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Global merger, global jobs

Global merger, global jobs

If the merger of Deacons and Norton Rose is an early indication of what the Australian legal landscape might look like in the next five to ten years, then Australian lawyers may need to get…

If the merger of Deacons and Norton Rose is an early indication of what the Australian legal landscape might look like in the next five to ten years, then Australian lawyers may need to get reacquainted with globetrotting

When Don Boyd, managing partner of Deacons, told his staff the firm would merge with international law firm Norton Rose, he said he was met with plenty of eager faces.

"There was a great deal of euphoria around the firm," he told Lawyers Weekly, when the deal was announced last month. "It means a lot if you are a young lawyer. There is now enormous potential for secondment to other offices now."

That potential could open avenues for Australian lawyers to seek more opportunities in the 29 worldwide offices of Norton Rose- including London, Dubai, Beijing, Hong Kong, Jakarta and Tokyo.

Deacons is not alone in having considered the prospects of a merger with a global law firm. Clifford Chance and Mallesons have discussed the prospects of a merger, while other firms are expected to make more solid considerations of such moves in the future.

Edward Andrew, managing director of EA International, predicts that these expectations will be met within the next decade, as Australian law firms look to gain from relationships with global law firms.

"The biggest question mark over the entire international recruitment game for Australia is if, in 5 to 10 years' time, or whatever it takes, the UK and US firms have joined forces with the leading Australian firms. Then that changes the dynamic," says Andrew.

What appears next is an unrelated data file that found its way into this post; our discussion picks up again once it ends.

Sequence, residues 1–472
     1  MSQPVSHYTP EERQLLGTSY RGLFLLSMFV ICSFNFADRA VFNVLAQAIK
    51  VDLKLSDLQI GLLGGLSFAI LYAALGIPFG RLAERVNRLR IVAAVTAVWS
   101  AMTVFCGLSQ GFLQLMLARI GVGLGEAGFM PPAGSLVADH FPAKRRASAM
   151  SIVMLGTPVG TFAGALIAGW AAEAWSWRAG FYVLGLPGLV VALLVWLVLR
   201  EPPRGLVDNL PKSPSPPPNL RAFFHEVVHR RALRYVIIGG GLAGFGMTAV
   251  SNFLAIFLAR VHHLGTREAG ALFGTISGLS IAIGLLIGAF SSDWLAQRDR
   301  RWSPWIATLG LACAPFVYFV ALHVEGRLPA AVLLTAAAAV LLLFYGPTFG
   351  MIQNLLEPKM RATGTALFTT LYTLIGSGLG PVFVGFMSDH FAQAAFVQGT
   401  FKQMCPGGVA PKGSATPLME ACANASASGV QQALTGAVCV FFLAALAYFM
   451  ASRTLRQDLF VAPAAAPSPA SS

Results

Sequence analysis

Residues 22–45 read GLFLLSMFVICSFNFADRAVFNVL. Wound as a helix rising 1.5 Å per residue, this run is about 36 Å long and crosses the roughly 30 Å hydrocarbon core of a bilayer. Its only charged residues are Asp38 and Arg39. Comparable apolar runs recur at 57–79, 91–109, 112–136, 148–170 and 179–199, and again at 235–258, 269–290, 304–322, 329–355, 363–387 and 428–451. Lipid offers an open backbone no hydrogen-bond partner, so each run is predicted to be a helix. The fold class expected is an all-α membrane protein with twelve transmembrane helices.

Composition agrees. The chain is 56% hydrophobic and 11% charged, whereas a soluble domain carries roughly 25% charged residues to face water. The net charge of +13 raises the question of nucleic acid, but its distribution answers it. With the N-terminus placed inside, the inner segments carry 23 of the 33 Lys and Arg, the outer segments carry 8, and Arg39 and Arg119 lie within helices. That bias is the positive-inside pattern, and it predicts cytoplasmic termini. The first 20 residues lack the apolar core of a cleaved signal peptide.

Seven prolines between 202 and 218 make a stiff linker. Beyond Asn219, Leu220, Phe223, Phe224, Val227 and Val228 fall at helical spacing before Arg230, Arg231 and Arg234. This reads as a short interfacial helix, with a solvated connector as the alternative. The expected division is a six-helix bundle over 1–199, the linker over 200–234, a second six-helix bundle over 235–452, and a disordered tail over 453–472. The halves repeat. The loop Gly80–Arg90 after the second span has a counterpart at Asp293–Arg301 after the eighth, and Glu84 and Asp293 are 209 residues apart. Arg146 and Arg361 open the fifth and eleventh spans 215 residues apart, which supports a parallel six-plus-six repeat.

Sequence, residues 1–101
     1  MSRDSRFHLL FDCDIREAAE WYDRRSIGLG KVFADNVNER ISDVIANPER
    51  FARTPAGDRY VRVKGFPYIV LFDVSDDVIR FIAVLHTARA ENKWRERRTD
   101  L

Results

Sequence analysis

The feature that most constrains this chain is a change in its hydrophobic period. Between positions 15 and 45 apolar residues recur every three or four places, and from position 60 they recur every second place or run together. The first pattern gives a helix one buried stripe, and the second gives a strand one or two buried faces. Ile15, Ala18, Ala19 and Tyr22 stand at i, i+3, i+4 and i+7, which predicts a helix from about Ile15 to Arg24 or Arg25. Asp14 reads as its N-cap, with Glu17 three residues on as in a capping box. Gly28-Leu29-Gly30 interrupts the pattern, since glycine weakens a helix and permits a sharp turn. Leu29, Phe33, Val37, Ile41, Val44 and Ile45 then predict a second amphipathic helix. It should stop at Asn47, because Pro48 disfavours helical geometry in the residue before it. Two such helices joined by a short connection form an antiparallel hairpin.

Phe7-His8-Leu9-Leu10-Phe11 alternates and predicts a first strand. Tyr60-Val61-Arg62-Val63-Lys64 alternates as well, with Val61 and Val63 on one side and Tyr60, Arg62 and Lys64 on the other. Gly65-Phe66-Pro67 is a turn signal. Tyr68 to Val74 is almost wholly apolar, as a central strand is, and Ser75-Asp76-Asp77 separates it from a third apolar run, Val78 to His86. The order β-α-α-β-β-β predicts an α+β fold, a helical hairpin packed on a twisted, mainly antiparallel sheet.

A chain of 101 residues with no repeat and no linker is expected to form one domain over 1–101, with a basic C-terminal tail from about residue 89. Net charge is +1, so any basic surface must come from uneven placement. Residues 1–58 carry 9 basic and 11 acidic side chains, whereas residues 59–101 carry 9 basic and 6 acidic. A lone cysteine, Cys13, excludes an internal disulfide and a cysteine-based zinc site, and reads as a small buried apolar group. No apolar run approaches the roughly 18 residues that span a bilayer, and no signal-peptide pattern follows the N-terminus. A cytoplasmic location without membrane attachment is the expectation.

"If Norton Rose and Deacons can put it together and they can move to full-mode integration then, obviously, there has got to be scope for other firms."

For Australian law firms that have traditionally suffered the drain of their talent to opportunities in larger cities such as London or New York, such global amalgamations could actually mean that Australian lawyers - if given the necessary opportunities to gain international experience - might stay with their employers on a longer basis.

"It may change the way we do business, but it means the Australian lawyers will be part of international global law firms and will be pretty happy to work around the world within their law firm," Andrew says.

But Jonathan Marsden, director of the London office of Marsden International, predicts such mergers would have only a minor impact.

"The question is 'Will the lawyers from Deacons come off the international recruitment market because they have options to go to Norton Rose?' We've seen that with international mergers that hasn't had much of an impact," he says.

"We'll still get approached by Deacons lawyers wanting to go to Slaughter and May or Clifford Chance and not go to Norton Rose. Or we'll still get Norton Rose lawyers wanting to go to Mallesons or Allens. So there will definitely be more internal transfers, but a lot of the Australian firms have been doing informal transfers for years between them and their 'best friends'."

The grass may always appear greener elsewhere, but, if managed accordingly, there's reason to believe that the presence of truly global law firms in Australia could make it all the more enticing for lawyers to stay with one firm for the long haul.

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